Bill Nowling, a spokesman for state-appointed emergency manager says Kevyn Orr, says Orr is considering whether the collection should be considered city assets that could be sold to cover Detroit’s long-term debt. The debt is estimated at more than $14 billion.

“As Kevyn Orr has said many times, he is considering many different options to help rectify Detroit’s fiscal crisis,” said Nowling. “What I can say is that there is no formal plan on the table to sell any Detroit asset, the DIA or otherwise.

The museum says it’s hired a bankruptcy attorney to suggest ways to protect the collection from possible losses. In a statement, the DIA says it “and the city hold the museum’s art collection in trust for the public” and that “the city cannot sell art to generate funds for any purpose other than to enhance the collection.”

So how much is the museum’s collection worth? According to a report from Crain’s Detroit Business, a city report from 2004, when the DIA was still a city department, valued the collection at more than $1 billion.

The city owns the Detroit Institute of Arts’ building and collection, while daily operations are overseen by a nonprofit. The scope of Orr’s power as an emergency manager to sell the collection or any other major assets, such as the city’s water department, likely would be tested in court.

“I am not shocked by anything that occurs in this city lately,” said Annmarie Erickson, Executive Vice President at the DIA. “I think all of us are a little battle worn over what has been happening in the city of Detroit.”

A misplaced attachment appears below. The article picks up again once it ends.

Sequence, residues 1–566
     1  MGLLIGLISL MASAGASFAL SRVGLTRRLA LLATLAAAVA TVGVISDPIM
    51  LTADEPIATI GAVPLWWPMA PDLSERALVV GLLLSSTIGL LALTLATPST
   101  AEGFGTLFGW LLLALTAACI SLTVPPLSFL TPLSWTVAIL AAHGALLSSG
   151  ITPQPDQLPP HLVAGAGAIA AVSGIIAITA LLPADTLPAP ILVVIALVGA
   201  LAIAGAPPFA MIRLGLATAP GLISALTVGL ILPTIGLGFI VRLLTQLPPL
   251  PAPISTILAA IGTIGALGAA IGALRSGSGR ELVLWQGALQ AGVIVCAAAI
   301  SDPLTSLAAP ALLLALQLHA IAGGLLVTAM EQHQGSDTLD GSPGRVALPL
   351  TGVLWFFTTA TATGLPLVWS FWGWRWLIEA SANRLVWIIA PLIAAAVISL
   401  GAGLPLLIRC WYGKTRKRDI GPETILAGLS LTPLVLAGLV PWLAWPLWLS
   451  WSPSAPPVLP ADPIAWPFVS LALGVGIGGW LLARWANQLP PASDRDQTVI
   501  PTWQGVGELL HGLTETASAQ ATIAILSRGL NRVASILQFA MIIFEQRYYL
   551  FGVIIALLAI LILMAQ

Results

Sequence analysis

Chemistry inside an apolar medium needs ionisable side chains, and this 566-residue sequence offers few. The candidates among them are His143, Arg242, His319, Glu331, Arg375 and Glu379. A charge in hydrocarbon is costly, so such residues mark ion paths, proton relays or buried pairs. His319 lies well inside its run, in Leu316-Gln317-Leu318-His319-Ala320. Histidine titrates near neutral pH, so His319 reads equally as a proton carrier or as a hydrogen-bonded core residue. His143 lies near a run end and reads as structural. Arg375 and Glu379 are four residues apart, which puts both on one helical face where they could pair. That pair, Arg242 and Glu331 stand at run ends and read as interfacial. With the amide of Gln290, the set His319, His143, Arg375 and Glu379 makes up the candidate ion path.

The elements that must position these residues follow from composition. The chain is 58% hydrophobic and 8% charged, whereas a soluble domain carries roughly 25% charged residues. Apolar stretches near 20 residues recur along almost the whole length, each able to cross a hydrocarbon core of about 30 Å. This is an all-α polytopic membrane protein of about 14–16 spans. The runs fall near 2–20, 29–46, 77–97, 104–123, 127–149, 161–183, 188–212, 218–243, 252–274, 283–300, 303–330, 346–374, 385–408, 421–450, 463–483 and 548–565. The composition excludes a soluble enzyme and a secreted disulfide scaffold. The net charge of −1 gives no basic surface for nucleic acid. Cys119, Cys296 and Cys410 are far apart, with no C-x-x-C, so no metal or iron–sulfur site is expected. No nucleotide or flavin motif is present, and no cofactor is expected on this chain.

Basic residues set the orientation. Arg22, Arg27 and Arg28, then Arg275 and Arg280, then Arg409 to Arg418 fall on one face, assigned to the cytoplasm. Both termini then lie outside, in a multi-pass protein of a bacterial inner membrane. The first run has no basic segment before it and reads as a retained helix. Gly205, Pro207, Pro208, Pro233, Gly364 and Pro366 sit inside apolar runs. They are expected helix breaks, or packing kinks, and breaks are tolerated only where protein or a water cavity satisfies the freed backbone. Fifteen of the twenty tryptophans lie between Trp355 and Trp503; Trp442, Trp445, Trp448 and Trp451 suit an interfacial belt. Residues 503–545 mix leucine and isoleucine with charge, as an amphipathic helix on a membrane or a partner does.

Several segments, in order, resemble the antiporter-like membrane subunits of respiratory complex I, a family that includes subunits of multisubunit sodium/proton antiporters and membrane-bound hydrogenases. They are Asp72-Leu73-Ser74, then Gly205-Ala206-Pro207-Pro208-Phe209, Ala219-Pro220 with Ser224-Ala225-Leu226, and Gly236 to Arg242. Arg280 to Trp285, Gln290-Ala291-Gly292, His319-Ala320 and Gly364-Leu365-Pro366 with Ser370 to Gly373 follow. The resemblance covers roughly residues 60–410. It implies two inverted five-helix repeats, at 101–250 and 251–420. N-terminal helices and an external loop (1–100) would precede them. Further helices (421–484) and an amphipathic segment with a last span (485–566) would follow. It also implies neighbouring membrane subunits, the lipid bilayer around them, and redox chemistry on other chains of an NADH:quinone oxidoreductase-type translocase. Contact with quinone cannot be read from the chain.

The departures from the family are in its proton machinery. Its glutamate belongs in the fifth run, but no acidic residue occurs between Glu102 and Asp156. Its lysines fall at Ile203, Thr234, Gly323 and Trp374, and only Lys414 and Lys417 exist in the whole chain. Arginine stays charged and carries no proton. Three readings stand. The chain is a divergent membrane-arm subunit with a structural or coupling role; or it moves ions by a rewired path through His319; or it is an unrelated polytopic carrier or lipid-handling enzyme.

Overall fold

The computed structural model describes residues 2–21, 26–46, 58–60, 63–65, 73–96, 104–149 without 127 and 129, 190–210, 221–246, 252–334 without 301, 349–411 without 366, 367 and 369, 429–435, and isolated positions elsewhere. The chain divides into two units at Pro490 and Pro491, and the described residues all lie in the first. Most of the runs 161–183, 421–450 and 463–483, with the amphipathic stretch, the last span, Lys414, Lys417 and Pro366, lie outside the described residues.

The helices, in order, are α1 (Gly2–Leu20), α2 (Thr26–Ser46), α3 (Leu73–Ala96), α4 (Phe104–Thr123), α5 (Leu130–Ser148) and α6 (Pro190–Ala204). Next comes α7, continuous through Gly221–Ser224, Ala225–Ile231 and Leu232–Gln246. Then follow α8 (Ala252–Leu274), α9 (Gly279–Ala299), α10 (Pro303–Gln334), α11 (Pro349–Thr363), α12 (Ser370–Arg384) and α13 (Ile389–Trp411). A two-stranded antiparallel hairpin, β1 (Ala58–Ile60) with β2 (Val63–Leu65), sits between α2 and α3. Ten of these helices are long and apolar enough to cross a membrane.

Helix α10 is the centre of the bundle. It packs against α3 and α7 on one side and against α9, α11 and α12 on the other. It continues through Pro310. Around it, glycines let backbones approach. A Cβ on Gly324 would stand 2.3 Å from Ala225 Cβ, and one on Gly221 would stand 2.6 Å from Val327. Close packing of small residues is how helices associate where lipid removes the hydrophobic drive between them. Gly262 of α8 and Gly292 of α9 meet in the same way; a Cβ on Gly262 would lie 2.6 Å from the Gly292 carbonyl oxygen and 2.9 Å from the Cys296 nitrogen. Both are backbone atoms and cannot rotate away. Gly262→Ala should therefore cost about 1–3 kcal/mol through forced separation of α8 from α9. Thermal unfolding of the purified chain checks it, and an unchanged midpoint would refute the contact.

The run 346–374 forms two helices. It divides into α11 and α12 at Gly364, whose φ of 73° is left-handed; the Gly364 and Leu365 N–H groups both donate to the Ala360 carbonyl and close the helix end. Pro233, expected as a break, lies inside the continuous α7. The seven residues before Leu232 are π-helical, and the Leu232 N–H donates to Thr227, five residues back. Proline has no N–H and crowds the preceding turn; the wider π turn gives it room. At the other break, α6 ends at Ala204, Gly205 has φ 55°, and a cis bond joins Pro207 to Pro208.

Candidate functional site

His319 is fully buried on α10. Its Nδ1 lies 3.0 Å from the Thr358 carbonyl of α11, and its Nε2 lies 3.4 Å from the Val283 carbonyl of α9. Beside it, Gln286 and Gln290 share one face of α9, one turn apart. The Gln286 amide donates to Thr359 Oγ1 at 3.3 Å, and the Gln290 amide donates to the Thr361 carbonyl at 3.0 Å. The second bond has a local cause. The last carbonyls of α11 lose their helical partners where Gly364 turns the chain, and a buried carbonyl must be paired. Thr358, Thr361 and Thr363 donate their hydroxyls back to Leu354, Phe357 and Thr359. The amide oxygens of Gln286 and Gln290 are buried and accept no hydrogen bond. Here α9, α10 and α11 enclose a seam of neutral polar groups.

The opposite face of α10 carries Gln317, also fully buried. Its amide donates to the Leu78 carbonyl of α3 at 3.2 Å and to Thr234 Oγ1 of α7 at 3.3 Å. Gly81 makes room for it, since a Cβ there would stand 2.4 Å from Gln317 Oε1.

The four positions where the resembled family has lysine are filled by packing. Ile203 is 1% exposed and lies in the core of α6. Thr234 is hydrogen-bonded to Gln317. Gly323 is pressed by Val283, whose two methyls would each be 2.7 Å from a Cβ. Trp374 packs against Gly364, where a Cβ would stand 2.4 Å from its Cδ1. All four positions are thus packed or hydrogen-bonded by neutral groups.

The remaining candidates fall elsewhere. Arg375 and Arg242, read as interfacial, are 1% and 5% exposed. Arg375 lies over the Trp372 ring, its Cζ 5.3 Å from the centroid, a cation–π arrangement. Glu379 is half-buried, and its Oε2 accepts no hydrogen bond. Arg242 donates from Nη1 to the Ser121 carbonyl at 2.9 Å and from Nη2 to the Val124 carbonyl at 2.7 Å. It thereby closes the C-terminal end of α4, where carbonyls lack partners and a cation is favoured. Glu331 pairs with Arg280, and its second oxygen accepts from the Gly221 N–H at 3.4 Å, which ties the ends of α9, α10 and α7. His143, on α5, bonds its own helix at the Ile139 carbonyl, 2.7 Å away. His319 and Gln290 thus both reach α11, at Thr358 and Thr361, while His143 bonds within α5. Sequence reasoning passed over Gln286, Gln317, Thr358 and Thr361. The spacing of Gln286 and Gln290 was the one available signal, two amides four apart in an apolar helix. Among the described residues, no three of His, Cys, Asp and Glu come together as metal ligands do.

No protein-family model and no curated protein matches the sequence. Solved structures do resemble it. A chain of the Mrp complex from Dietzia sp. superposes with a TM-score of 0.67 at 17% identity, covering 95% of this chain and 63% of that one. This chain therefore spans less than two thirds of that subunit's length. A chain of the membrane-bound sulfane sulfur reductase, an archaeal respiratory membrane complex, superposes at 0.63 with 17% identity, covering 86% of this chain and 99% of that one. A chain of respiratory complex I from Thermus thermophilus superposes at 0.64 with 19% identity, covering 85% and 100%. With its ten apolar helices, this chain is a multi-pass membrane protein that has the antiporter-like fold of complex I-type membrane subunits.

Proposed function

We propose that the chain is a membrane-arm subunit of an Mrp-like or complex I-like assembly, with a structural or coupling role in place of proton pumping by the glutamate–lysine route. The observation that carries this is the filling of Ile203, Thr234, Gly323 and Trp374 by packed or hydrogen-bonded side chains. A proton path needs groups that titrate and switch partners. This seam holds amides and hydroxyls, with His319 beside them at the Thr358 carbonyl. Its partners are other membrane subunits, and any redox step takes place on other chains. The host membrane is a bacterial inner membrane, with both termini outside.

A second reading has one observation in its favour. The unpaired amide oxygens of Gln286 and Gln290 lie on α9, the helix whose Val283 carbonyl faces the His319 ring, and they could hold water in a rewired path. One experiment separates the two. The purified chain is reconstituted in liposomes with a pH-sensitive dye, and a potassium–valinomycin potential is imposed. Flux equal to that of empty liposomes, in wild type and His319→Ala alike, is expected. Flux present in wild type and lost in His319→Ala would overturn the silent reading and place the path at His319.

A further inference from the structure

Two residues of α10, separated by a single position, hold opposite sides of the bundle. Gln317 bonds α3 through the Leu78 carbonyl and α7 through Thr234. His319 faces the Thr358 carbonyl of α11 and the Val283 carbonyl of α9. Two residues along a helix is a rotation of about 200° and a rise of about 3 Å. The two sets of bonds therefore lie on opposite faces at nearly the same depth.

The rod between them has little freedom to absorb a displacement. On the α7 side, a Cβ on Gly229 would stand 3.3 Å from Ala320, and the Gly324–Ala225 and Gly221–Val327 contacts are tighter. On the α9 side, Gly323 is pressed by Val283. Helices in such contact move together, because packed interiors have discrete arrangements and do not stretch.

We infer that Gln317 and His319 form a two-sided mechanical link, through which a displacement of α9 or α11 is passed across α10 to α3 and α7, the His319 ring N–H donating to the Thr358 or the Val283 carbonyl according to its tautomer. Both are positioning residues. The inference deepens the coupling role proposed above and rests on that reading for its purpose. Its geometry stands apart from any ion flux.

Republican Gov. Rick Snyder in March appointed Orr as emergency manager, giving Orr the final say on Detroit’s fiscal matters. The city’s budget deficit could reach $380 million by July 1, it could run out of cash before the end of the year, and bankruptcy hasn’t been ruled out.

Under a Chapter 9 bankruptcy filing, neither a judge nor creditors can force the city to liquidate its assets, but bankruptcy experts tell the Free Press that a judge and creditors could push for a sale. Some creditors have already asked Orr whether the DIA collection is “on the table,” Nowling said.

Billionaire developer A. Alfred Taubman, a patron of the museum, said that “it would be a crime” to sell any of the DIA’s collection to satisfy city creditors.

“I’m sure Mr. Orr, once he thinks about it, will certainly not choose that as one of the assets,” Taubman said. “It’s not just an asset of Detroit. It’s an asset of the country.”

New York developers have eye to buy Belle Isle
Sale is question mark, but real estate market is hot

DETROIT – Detroit’s Belle Isle is not for sale, but New York developers are considering a plan to make a major investment in the island park if they could buy it.
Hot on the heels of reports that the art collection at the Detroit Institute of Arts might be targeted for sale if the financially-strapped city is forced into bankruptcy, sources are reporting that developers are working to put together a plan for condos and hotels on Belle Isle, if the city would sell it.
Real estate expert Jeff Hillman said a sale might be possible, because prices remain low while interest in Detroit as an investment is high. “There’s an unprecedented amount of development going on, new development,” Hillman said.
Sources indicate the New York developers considering Belle Isle have already made investments in real estate in downtown Detroit.